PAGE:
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Storm Surge Modeling and Forecasting. LTJG Jeffrey Pereira, NOAA Storm Surge Unit National Hurricane Center NOAA Storm Surge Workshop May 2011. Statistical Utilize historical data to develop statistical relationships between surge and driving factors Necessary data is non-existent

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storm surge modeling and forecasting

Storm Surge Modeling and Forecasting

LTJG Jeffrey Pereira, NOAA

Storm Surge Unit

National Hurricane Center

NOAA Storm Surge Workshop

May 2011

slide2
Statistical

Utilize historical data to develop statistical relationships between surge and driving factors

Necessary data is non-existent

Deterministic Numerical Models

Forecast surge based on solving physical equations

Strongly dependent on accurate meteorological input

Current uncertainty in tropical cyclone forecasts render such methods inaccurate

Numerical Model Ensemble

Many different runs of the same model but with different conditions (family of storms)

Best approach for determining storm surge vulnerability for an area since it takes into account forecast uncertainty

Modeling Surge

slide3

SLOSH

  • Sea, Lake, and Overland Surges from Hurricanes
  • A computerized numerical model developed by the National Weather Service (NWS) to estimate storm surge heights (and winds) resulting from historical, hypothetical, or predicted hurricanes
slide4
SLOSH does include:

Flow through barriers/gaps/passes

Deep passes between bodies of water

Inland inundation (wet/dry cell)

Overtopping of barrier systems, levees, and roads

Coastal reflection (coastally trapped Kelvin waves)

SLOSH does not include:

Breaking waves/wave run-up

Astronomical tide

Operational runs can be run at different tide levels via an initial water level (anomaly)

Normal river flow and rain

SLOSH

adcirc slosh
ADCIRC & SLOSH
  • Overall flooding pattern very similar
slide6

Forecasting Surge

  • All storm surge models are STRONGLY dependent on the accuracy of the meteorological input!!!
  • Meteorological uncertainty will dominate over storm surge model specifications (physics, resolution, etc.)
  • Different vertical datums/reference levels
  • Storm surge is only one component in the real water level rise.
    • Total water rise = surge + tides + waves + freshwater flow
slide8

NHC TRACK ERROR 12 hr. OUT

133 mph, 933 mb.

Hurricane Advisory – Approximately 12 hr. before landfall

slide9

Rmax=25 mi

(forecast)

Surge Based on NHC -12 hr. Advisory

slide10

ACTUAL TRACK

TRACK FORECAST

133 mph, 933 mb.

Actual Hurricane Track 30 mi. E of -12 hr. Advisory Forecast Track

slide11

Rmax=40 mi

Surge Based on NHC Storm Best Track

slide14
Atlas of pre-computed surge maps based on:

Different directions of motion

Different landfall locations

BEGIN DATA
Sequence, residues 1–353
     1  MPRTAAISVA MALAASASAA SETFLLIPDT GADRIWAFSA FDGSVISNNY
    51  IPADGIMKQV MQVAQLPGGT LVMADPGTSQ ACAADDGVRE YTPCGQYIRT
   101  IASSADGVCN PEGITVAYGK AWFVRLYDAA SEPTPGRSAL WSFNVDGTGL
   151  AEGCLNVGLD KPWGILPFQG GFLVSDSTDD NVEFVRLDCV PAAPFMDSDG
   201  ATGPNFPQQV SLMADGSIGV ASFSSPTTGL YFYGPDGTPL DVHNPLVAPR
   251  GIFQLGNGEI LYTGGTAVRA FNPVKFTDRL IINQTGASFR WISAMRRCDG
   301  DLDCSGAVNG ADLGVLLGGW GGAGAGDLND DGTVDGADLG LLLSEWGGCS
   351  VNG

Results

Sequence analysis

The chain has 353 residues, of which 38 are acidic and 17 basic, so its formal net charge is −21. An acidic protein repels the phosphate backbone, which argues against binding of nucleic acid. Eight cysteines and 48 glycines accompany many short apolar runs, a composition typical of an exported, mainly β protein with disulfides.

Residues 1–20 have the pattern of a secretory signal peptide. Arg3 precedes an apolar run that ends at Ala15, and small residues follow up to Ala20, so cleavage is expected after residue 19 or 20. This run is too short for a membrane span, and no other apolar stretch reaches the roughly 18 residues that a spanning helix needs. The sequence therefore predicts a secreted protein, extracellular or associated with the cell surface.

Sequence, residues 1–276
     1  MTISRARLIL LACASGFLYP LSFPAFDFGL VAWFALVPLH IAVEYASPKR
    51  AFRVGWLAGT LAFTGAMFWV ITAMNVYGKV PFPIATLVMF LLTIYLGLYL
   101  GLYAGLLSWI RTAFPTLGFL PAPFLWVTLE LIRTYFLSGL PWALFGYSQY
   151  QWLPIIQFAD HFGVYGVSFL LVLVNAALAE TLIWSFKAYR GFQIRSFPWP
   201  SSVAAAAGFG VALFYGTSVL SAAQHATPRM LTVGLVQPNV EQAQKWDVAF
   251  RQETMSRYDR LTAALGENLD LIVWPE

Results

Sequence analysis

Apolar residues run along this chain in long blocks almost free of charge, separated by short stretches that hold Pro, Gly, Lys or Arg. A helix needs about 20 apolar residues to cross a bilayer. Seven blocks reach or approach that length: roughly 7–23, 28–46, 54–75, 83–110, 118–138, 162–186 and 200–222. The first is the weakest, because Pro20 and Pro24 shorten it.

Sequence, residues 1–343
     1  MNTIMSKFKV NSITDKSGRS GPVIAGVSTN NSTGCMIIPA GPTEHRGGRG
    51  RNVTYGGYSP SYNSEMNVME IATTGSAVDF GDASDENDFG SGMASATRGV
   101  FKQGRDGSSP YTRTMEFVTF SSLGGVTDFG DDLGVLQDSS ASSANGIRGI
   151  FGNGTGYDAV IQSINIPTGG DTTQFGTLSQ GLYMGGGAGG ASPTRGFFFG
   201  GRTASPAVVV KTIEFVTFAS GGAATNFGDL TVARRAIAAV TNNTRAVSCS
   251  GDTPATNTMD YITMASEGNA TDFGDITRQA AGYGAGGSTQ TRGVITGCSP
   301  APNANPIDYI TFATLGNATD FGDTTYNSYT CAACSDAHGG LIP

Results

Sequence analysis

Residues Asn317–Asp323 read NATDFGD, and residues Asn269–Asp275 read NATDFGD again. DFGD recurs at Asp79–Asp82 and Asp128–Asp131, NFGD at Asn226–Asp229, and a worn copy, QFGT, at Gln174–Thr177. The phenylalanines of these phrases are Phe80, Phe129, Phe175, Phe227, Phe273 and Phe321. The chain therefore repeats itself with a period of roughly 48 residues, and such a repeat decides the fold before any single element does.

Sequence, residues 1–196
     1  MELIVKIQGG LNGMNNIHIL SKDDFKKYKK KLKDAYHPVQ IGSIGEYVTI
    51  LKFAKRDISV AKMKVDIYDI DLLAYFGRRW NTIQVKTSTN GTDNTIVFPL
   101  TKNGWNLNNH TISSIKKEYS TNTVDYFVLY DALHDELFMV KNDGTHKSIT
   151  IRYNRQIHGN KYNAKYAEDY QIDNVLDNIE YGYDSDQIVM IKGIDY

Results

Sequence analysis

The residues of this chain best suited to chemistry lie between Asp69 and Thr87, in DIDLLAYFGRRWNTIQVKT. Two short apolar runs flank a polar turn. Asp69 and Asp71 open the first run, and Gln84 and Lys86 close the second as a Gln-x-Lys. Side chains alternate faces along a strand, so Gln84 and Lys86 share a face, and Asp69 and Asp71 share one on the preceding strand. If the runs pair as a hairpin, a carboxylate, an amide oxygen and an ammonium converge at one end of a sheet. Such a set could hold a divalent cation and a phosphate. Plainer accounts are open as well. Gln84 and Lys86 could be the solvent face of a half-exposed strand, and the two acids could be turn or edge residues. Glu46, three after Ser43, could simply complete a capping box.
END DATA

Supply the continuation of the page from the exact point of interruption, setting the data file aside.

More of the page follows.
Different intensities

Different storm sizes

Different forward speeds

Alternative to Single Runs

slide15
1. MEOWs

Maximum Envelopes Of Water

2. MOMs

Maximum Of the MEOWs

3. P-surge

Probabilistic Storm Surge

Ensemble Products

slide16

MEOW

Maximum Envelope Of Water

slide17

Maximum Envelope Of Water

  • User selects:
  • Category (Cat 3)
  • Landfall direction (wnw)
  • Forward speed (15 mph)
  • Initial tide (High)
slide18

Maximum Envelope Of Water

  • User selects:
  • Category (Cat 3)
  • Landfall direction (wnw)
  • Forward speed (15 mph)
  • Initial tide (High)
slide19

Maximum Envelope Of Water

  • User selects:
  • Category (Cat 3)
  • Landfall direction (wnw)
  • Forward speed (15 mph)
  • Initial tide (High)
slide20

MOM

Maximum Of the MEOWs

slide21

MOM

  • User selects:
  • Category (Cat 3)
slide22

Probabilistic Storm Surge

  • Use an ensemble of SLOSH runs to create probabilistic storm surge (p-surge)
    • Intended to be used operationally so it is based on NHC’s official advisory
    • P-surge’s ensemble perturbations are determined by statistics of past performance of the advisories
slide23

Error Incorporated in P-Surge

  • Ensemble based on distributions of:
    • Cross track error (impacts Location)
    • Along track error (impacts Forward Speed, Timing)
    • Intensity error (impacts Pressure)
    • Rmax error (impacts Size)
slide25

Other Parameters

Size: Small (30%), Medium (40%), Large (30%)

Forward Speed: Fast (30%), Medium (40%), Slow (30%)

Intensity: Strong (30%), Medium (40%), Weak (30%)

slide26

When is it Available?

  • Whenever a hurricane watch or warning is in effect
  • Available about 30 minutes after the advisory release time
slide27

Understanding/Using Probability

The number one argument against using probability is that users do not understand how to interpret low probabilities of an extreme event

Would you offer to pick up free lunch if there is a 20% chance of you being involved in a fatal car accident along the way?

slide28

Deterministic SLOSH run shows limited surge threat to Pensacola area

Rmax=25 mi

(forecast)

Surge Based on NHC -12 hr. Advisory

slide31

Tier 1

Response

< 48 h of landfall

Tier 2

Readiness

48 h – 120 h of landfall

Tier 3

Planning/Mitigation

> 120 h of landfall

Surge Guidance Timeframe

NHC Storm Surge Product Decision Support Wedge